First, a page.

Prehistoric ‘taskscapes’: representing gender, age and the geography of work
Vujakovic, P. 2018. Prehistoric ‘taskscapes’: representing gender, age and the geography of work. Visual Culture in Britain. 19. https://doi.org/10.1080/14714787.2018.1473048
It is highly conceivable that prehistoric peoples richly narrated and celebrated their lives and relationship with their environment, but, with no written records 5 available and limited artefacts, recent generations have created their own narratives of the lives of prehistoric peoples.
This article examines visual representations of prehistoric (‘Stone Age’) societies in popular science published in Britain from 1960s to the present. Stereotyping of gender and division of labour, including its spatiality, is an obvious example of the projection of modern societies’ 10 views onto the past and this is evident in the material examined in this study. Specific images often become ‘viral’ as uncritically repeated ‘schema’ (units of cultural transmission) that reinforce stereotypes ; for example, the ‘cave woman’ as ‘drudge’, trapped in the domestic sphere. Such stereotypes remain prevalent in popular science books aimed at children as well as adults.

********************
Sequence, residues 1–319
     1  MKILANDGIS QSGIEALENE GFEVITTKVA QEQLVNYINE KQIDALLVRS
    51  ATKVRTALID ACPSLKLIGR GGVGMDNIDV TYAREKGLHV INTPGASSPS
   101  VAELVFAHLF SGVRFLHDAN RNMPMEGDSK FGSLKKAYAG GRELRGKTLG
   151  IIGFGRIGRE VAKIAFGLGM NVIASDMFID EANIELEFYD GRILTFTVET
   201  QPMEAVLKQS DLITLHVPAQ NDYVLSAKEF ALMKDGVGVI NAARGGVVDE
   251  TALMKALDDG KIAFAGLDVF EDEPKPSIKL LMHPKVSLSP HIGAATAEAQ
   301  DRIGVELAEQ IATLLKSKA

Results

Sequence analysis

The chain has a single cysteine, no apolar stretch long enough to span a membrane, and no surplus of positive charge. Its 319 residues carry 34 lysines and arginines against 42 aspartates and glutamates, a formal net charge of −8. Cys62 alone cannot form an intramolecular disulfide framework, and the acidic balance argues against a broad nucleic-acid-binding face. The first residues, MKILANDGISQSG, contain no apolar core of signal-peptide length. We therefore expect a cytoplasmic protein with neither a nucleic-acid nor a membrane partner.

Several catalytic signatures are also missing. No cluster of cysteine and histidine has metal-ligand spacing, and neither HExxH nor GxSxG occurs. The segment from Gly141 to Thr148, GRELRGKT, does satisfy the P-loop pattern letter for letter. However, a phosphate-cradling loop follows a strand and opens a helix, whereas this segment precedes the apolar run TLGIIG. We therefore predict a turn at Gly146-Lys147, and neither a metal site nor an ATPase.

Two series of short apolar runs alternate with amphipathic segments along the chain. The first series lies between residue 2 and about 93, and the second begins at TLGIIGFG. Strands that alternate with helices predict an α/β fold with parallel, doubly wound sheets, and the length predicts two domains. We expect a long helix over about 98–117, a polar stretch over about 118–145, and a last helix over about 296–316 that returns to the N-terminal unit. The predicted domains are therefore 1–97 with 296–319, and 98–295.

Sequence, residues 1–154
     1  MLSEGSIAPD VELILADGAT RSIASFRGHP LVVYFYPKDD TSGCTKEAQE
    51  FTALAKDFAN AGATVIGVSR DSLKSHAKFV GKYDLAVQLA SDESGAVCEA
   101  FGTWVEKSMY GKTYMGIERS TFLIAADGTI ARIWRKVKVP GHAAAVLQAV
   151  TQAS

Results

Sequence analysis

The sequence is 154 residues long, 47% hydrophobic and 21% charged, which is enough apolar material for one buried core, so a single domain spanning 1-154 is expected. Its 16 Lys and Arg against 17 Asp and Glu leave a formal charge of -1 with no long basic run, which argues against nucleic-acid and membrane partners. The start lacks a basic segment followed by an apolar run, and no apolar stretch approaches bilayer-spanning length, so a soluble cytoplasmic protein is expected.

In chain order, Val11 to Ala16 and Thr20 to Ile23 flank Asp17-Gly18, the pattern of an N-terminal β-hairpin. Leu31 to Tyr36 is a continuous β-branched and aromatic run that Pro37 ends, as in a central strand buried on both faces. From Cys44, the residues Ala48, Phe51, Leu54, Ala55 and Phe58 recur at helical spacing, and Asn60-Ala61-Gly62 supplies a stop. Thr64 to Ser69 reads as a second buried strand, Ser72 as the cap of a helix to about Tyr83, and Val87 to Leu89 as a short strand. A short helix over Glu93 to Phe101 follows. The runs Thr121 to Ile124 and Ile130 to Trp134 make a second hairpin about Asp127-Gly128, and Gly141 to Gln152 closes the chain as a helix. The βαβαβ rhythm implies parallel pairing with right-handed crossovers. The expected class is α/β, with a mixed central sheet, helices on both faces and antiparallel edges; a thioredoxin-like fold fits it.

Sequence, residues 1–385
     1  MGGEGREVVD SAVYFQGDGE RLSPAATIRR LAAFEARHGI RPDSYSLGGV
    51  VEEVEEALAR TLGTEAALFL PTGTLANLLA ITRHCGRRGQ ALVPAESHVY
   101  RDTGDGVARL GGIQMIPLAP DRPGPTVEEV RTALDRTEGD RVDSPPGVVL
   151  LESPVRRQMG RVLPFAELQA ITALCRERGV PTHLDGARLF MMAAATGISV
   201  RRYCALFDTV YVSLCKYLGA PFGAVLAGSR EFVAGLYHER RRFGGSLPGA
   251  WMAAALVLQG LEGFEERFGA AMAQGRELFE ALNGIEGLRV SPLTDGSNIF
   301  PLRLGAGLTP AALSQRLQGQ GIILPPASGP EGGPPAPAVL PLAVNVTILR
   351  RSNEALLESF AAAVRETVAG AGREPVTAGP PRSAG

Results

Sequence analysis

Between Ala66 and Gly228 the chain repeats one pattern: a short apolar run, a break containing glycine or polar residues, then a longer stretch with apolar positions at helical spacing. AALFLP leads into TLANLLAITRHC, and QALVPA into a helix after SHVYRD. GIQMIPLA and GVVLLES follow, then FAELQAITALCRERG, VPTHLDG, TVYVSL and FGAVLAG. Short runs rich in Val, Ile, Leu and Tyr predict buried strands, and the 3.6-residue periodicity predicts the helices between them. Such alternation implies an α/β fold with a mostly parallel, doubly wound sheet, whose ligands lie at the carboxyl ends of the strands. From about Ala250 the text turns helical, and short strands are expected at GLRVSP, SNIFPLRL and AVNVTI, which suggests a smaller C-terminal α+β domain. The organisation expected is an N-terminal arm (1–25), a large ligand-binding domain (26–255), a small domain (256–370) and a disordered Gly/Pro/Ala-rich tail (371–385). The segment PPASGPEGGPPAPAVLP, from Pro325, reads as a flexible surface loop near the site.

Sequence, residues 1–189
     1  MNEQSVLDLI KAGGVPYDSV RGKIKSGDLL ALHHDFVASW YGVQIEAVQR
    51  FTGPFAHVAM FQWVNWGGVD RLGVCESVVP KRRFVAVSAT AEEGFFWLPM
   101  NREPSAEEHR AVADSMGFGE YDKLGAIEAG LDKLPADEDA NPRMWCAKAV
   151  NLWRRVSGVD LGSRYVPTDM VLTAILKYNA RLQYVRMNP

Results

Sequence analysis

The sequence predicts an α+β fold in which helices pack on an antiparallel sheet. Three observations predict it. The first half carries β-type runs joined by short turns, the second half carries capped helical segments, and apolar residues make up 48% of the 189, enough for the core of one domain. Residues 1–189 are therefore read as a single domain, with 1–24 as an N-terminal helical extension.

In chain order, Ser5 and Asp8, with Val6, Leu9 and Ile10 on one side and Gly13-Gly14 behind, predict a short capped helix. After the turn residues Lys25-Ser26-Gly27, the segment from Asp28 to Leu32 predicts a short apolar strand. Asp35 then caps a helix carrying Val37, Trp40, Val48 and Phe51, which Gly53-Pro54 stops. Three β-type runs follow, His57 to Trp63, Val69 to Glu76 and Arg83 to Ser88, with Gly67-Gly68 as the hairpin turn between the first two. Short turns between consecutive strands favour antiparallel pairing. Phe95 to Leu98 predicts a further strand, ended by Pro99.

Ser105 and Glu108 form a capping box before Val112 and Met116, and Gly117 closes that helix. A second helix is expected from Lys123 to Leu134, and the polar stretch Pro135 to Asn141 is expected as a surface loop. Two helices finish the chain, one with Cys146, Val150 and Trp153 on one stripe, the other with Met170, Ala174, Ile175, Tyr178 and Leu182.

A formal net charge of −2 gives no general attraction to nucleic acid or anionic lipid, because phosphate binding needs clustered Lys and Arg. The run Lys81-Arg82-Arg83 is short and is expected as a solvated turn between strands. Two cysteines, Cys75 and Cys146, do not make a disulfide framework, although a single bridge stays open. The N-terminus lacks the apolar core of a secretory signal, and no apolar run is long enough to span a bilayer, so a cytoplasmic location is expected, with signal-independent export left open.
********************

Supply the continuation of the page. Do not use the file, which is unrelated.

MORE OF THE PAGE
|Keywords||Prehistory; schemata; taskscape; geography; popular science; gender; work|
|Journal||Visual Culture in Britain|
|Publisher||Taylor & Francis|
|Digital Object Identifier (DOI)||https://doi.org/10.1080/14714787.2018.1473048|
|Online||10 Jul 2018|
|Publication process dates|
|Deposited||30 May 2018|
|Accepted||02 Mar 2018|
|Accepted author manuscript|
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